Arthur Goldhammer New York Columbia University Press 1998 377402 and Daniel J

Arthur goldhammer new york columbia university press

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Arthur Goldhammer (New York: Columbia University Press, 1998), 377–402; and Daniel J. Sherman, The Construction of Memory in Interwar France (Chicago: University of Chicago Press, 1999) . 3. French losses (including dead, missing, and prisoners) between August 1914 and June 1916, before West African troops were deployed on the western front in large numbers, amounted to 62.26 percent of the eventual wartime total. See “Rapport Marin,” Journaux officiels de la République française. Documents parlementaires 2 (1920), annexe 633, 74. On the strategic implications of this situation, see Douglas Porch, “The Marne and After: A Reappraisal of French Strategy in the First World War,” Journal of Military History 53 (1989): 363–85. 4. See Charles Mangin, La force noire (Paris: Librairie Hachette, 1910). 5. On physical characterizations of Africans within the French scientific community, see, for instance, Bulletins et mémoires de la Société d’anthropologie de Paris (Paris: Librairie de l’Académie de Médecine, 1909–1910). On the origins of these pseudoscientific racist assumptions about Africans, see William B. Cohen, The French Encounter with Africans: White Response to Blacks, 1530–1880 (Bloomington and London: Indiana University Press, 1980) . On prewar French anthropology, see Jennifer Michael Hecht, The End of Soul: Scientific Modernity, Atheism, and Anthropology in France (New York: Columbia University Press, 2003); and Jean-Claude Wartelle, “La Société d’Anthropologie de Paris de 1859 à 1920,” Revue d’Histoire des Sciences Humaines 10 (2004): 125–71. On the postwar shift in French anthropology away from an emphasis on physical anthropology and the science of “race,” see Alice Conklin, In the Museum of Man: Ethnographic Liberalism in Paris, 1920–1950 (forthcoming). On the popular dissemination of these negative stereo- types during the quarter century before the First World War, see William H. Schneider, An Empire for the Masses: The French Popular Image of Africa, 1870–1900 (Westport, Conn., and London: Greenwood Press, 1982). On the contradictions between republican egalitarianism and French racial assumptions about non-European peoples during the colonial era, see Sue Peabody and Tyler Stovall, eds., The Color of Liberty: Histories of Race in France (Durham, N.C.: Duke University Press, 2006). 6. See Alphonse Séché, Les Noirs d’après des documents officiels (Paris: Payot, 1919); Lucie Cousturier, Des inconnus chez moi (Paris: La Suene, 1920); Leon Gaillet, Coulibaly: Les Sénégalais sur la terre de France (Paris: Jouve, 1917); Leon Gaillet, Deux ans avec les Sénégalais (Paris: Berger-Levrault, 1918); and Jérome and Jean Tharaud, Le randonnée de Samba Diouf (Paris: Plon, 1922). Biographical sketches of Gaillet, the Tharaud brothers,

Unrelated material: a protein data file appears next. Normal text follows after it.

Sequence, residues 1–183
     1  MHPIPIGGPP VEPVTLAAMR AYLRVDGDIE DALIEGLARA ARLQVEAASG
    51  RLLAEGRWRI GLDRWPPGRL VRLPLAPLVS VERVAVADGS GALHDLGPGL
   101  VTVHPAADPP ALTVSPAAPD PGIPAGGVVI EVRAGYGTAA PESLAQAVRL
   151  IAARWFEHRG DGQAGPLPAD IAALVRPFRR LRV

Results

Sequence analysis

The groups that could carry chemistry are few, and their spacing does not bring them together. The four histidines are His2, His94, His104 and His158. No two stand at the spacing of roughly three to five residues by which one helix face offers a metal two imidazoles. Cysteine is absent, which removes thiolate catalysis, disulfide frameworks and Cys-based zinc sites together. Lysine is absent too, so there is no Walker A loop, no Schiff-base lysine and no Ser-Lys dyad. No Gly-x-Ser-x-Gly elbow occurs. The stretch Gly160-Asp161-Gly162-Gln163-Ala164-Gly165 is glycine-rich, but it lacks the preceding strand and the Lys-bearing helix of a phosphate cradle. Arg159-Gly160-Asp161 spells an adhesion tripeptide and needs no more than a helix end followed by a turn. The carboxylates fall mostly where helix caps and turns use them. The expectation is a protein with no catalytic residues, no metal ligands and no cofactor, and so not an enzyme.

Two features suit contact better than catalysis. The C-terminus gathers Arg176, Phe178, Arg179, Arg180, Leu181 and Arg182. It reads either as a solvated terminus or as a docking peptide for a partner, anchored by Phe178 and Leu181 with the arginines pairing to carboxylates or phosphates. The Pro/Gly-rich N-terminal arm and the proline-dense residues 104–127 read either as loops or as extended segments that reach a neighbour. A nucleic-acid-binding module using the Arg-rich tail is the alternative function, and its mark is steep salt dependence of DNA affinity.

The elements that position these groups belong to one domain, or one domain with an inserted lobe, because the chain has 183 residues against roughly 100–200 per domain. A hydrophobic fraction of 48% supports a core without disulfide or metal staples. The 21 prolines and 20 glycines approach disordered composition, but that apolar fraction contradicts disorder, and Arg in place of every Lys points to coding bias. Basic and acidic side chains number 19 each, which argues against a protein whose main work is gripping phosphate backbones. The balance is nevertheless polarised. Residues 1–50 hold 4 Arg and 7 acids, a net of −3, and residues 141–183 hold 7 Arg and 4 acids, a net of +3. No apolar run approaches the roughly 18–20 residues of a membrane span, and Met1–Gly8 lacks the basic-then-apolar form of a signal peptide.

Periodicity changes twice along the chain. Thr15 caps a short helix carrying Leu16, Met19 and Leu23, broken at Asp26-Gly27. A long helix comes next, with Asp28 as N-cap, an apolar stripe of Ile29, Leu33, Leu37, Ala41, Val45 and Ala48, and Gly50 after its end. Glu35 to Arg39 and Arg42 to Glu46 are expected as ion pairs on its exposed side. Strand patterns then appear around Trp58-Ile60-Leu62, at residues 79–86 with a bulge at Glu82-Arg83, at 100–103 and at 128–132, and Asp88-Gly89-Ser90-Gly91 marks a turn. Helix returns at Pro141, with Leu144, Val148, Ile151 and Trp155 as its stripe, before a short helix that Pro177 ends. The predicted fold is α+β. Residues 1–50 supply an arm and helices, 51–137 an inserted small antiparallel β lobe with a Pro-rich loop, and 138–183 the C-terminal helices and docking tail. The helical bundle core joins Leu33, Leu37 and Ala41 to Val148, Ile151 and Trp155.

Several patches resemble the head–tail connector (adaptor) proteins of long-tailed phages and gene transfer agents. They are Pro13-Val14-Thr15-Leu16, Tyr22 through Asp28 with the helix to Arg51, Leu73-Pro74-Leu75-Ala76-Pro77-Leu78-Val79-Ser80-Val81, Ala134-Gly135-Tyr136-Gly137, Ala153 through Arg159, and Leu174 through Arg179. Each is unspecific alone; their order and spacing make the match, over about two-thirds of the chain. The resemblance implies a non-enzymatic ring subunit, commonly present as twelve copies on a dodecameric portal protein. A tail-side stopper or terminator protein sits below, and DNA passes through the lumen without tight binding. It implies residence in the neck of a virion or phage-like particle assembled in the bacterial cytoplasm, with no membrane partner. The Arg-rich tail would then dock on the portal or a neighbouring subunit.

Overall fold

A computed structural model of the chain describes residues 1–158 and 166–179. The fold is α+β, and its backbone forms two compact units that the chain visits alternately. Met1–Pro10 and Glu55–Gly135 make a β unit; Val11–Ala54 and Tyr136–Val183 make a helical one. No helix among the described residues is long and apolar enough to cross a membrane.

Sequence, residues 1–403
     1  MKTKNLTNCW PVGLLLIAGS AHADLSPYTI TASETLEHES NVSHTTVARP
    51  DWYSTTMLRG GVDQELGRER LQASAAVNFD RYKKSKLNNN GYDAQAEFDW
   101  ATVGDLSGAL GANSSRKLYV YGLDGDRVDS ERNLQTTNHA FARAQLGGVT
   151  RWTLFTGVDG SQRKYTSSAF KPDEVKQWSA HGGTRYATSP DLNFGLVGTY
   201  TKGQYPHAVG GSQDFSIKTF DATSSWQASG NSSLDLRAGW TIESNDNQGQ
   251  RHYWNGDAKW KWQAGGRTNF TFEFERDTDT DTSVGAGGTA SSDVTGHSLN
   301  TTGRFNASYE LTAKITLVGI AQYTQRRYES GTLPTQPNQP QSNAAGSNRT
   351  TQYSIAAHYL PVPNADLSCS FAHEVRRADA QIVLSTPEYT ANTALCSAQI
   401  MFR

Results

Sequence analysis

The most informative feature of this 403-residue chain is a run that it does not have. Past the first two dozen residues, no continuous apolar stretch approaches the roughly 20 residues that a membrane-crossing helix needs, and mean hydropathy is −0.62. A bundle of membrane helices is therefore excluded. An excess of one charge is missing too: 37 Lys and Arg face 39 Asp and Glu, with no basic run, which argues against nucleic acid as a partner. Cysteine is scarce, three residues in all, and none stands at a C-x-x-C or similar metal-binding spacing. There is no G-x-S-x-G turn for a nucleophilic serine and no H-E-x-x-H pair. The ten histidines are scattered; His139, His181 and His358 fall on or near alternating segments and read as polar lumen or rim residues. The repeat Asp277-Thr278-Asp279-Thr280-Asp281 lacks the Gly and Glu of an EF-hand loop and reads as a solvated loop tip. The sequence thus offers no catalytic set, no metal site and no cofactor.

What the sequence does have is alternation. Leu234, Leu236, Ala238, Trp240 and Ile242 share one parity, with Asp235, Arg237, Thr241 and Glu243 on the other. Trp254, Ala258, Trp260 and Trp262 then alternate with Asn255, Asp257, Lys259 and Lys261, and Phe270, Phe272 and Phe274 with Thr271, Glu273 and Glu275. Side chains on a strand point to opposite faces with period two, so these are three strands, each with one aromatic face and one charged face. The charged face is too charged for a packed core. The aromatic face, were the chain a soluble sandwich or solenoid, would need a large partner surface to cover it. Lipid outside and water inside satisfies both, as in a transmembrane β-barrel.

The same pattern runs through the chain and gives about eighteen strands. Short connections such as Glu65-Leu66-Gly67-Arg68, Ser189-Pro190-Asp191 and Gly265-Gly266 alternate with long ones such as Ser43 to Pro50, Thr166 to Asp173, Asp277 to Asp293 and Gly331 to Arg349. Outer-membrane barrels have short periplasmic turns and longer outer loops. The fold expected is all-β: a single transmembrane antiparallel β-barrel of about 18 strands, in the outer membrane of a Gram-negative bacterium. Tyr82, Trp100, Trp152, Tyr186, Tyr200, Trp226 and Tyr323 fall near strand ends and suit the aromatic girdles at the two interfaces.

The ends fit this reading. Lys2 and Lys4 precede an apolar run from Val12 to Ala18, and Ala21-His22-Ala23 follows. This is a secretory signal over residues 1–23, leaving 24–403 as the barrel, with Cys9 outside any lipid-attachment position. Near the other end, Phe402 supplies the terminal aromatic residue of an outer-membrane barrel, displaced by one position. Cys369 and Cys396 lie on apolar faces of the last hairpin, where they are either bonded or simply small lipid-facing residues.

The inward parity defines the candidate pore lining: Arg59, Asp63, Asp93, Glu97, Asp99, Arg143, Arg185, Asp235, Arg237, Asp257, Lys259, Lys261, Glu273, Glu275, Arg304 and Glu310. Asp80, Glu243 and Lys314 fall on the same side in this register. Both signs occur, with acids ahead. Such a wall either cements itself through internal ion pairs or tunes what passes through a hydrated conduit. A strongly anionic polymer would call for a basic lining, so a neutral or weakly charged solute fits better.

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Remembering the Tirailleurs Sénégalais and the Great War 145 and Cousturier, who was an exceptionally compassionate and perceptive writer about the soldiers, are included in Brett A. Berliner, Ambivalent Desire: The Exotic Black Other in Jazz-Age France (Amherst and Boston: University of Massachusetts Press, 2002), 17–31.
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